Only a Stonesthrow Away
"Stonesthrow Peak" is a remote peak in the Southeast Olympic Range. This gentle peak offers isolation in the midst of a sea of grander peaks. Its location, on a ridgeline connecting Mt Stone (which is less than half a mile to the east) and Mt Hopper, makes it a very scenic traverse in alpine conditions, with incredible views of the Eastern Olympic Range. It nearly is a "stones throw" away from Mt Stone on the initial approach. Overlooking the headwaters of the North Fork of the Skokomish River (which runs to the south) and the serene Hagen Lake to the northeast, Stonesthrow occupies a rarely visited area of the range. Mountainiers bound for Hagen Lake are the only ones to pass its eastern slopes. Crazy Creek runs along the northern face and is fed by late lingering snowfields on Stonethrow's northern side.
Its southern grasscovered slopes give way to a narrow forested ridge leading on scree slopes to the summit. A short bushwack along this ridge yields incredible views down the valley to the east into Hagen Lake. The southern slopes are home to the Olympic Marmot. Be wary of their system of holes along the grassy slopes. A variety of Wildflowers common to the Olympics such as Avalanche Lily, Bear Grass, Phlox and Lupine make their homes in this lovely paradise. A few dazzling streams cascade down the southern face and into the Skokomish River below.
Views from the summit of Stonesthrow are enthralling, even in cloudy weather. The Skokomish massif shows off all its glory to the south, with the tiny satelite of Mt Henderson clinging to it's western buttress. To the west lesser known peaks such as O'neil Peak and Bumbershoot Peak rear themselves above the North Fork of the Skokomish River valley. Even the distant Burke Range is visible, with June 10th and Chimney Peak proudly on display. Mt's Steel and Duckabush parade to the north, where Mt Hopper, White Mountain and Mt Anderson join the view. Mt Elk Lick itself seems like only a stonesthrow away across the Duckabush River valley. The giants of the range, Mt Deception, Mt Mystery and the Constance Massif rise into the sky as a backdrop to the deep blue-green Hagen Lake to the north and east of Stonesthrow.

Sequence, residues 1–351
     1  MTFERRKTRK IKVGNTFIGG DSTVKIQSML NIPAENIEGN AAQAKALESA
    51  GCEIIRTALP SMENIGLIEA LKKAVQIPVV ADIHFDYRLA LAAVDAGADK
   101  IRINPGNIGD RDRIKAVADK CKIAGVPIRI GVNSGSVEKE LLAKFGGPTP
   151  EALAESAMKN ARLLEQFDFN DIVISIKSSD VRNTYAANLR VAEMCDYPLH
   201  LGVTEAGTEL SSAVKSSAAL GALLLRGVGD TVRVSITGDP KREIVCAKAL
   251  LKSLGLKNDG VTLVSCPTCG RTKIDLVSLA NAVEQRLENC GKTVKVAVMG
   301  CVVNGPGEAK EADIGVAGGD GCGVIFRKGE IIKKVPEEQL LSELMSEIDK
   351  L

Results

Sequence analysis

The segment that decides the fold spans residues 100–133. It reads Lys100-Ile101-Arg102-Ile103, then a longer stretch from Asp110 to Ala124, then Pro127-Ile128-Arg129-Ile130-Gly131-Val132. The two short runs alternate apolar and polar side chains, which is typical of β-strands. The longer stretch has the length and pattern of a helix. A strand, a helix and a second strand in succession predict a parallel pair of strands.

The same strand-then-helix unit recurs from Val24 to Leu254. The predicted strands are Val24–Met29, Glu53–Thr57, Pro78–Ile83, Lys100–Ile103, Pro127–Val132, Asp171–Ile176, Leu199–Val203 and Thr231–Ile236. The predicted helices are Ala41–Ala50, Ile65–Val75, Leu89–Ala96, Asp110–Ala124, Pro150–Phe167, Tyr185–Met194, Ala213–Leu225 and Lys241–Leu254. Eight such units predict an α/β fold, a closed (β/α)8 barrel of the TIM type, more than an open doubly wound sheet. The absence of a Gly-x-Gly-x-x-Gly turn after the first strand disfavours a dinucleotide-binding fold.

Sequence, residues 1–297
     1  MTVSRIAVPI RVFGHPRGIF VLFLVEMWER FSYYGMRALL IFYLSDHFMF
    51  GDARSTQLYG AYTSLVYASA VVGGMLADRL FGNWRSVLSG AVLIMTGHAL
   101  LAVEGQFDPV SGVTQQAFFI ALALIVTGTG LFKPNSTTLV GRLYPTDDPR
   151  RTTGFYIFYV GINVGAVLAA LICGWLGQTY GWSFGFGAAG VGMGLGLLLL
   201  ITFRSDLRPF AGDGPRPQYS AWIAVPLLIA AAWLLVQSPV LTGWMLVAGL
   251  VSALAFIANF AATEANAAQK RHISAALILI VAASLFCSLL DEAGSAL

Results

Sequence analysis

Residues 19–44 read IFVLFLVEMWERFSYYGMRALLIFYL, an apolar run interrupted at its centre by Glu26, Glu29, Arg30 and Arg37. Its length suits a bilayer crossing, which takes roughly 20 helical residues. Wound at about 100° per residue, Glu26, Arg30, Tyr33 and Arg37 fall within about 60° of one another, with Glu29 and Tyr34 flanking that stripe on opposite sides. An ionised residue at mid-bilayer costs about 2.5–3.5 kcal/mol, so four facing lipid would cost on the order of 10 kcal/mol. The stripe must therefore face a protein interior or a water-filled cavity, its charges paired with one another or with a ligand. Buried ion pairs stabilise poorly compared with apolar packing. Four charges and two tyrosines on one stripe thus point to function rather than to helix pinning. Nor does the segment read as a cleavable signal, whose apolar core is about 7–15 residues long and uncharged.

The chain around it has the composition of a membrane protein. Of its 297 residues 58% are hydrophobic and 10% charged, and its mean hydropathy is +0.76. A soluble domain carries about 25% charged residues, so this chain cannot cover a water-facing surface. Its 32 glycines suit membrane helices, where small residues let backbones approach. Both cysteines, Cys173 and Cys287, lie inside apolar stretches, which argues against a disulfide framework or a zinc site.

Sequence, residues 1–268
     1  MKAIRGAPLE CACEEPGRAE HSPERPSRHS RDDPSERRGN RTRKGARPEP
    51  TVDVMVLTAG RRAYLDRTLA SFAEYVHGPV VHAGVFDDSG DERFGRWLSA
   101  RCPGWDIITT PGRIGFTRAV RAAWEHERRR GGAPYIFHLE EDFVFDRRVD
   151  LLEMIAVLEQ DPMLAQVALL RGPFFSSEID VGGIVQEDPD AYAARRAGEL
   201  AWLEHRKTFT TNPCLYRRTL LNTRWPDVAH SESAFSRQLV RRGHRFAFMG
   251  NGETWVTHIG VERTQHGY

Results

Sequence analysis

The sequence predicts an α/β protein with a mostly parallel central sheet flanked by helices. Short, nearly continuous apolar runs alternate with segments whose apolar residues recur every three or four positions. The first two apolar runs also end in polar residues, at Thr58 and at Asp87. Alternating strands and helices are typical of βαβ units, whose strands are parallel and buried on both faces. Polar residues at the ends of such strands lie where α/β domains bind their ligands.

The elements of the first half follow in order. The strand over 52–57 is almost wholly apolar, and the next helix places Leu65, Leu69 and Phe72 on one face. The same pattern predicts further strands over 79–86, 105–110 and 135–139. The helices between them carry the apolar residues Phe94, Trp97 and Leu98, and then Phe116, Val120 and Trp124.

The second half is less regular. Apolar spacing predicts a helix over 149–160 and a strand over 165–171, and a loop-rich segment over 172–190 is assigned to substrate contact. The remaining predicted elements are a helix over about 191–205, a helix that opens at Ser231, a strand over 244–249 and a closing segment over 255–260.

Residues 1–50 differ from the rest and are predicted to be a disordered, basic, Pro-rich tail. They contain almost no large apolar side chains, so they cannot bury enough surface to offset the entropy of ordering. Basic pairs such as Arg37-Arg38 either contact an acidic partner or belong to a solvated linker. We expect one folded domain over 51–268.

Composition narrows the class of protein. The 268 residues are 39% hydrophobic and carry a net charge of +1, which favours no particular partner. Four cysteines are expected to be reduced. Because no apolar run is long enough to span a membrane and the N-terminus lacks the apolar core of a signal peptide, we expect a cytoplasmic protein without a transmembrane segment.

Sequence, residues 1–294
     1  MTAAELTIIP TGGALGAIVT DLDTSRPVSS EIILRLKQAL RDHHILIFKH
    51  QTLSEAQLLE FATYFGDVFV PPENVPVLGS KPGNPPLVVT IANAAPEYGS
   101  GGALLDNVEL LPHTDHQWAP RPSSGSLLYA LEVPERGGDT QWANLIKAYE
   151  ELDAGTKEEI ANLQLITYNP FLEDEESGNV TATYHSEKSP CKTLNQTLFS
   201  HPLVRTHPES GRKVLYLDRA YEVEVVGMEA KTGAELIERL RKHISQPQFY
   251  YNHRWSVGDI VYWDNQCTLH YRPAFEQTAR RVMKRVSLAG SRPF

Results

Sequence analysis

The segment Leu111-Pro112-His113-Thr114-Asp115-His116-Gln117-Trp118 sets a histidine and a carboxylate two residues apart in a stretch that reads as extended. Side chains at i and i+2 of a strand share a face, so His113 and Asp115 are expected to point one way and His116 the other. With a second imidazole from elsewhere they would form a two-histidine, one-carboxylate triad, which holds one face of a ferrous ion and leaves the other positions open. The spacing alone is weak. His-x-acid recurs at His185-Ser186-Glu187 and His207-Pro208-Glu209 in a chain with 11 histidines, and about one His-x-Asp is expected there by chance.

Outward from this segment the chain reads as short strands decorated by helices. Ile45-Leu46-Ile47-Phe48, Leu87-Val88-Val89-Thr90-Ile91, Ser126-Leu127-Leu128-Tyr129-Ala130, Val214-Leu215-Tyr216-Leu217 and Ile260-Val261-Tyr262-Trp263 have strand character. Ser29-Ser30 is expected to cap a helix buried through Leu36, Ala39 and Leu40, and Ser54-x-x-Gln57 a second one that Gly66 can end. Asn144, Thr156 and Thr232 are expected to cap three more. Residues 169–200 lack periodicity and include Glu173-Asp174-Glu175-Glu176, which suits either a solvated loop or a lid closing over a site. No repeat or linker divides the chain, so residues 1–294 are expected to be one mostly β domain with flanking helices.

The approach to Stonesthrow is for the true mountainier. Two days is recommended for one's enjoyment of the peak and area, but it can be done in a very long day also.
While the peak itself is not a challenge, the steep Putvin trail and several snowfield descents must be made to reach the base of the peak. Located at the headwaters of the North Fork Skokomish River, Stonesthrow is across from two major avalanche hazards; Mt Skokomish and Mt Stone. Skokomish is especially notorious for these mid-summer slides, so be wary when descending it's eastern slopes into the headwaters of the North Fork.
Head up the steep and nasty Putvin Trail the 3.8 miles to Lake of the Angels (Which I believe has been washed out before the trailhead since the summer of 2008). Several areas of the trail will require scrambling ability. After reaching Lake of the Angels head for the ridge on the north end of the lake, a saddle between Mt Stone and Mt Skokomish. Descend the near cliffs onto a massive snowfield (Ice-ax strongly recommended!) and contour north around Mt Stone's west face. Cross the North Fork headwaters here and head across the boulder field. It is fairly dangerous at this point, as Mt Stone often releases massive boulders onto the boulder strewn slopes below, so be wary.
Once across the boulders ascend the grassy slope toward an obvious notch in the ridge to the north (Known as "The Great Stone Arrow". Once the ridgeline is gained proceed NE along the tree-lined ridge. Awesome views of Mt Constance and Hagen Lake can be had from here, as well as of Mt Stone directly to the east. The final ascent to the summit requires a short scramble along the somewhat exposed eastern rim of Stonesthrow and up to the summit. From the summit, a traverse can be done towards Mt Hopper to the west, following the ridgeline. Be prepared with an ice-axe here, as snowfields fall away into the northern valleys below. Spectacular scenery the whole way makes it worth the effort for extra exploration.
Red TapeStonesthrow Peak is located in Olympic National Park. Fill out permits for overnight camping at the Putvin Trailhead. A fee of $2.00 per night per person is all it costs.
What better place in the whole range to camp is there than Lake of the Angels? This lake provides a beautiful jumping off spot to many peaks in the area, as well as a home to a thriving herd of Olympic Mountain Goats which frequent it's shores and the ridges above it. Tread softly, as the shores are fragile and home to rare and unique flowers and plant life.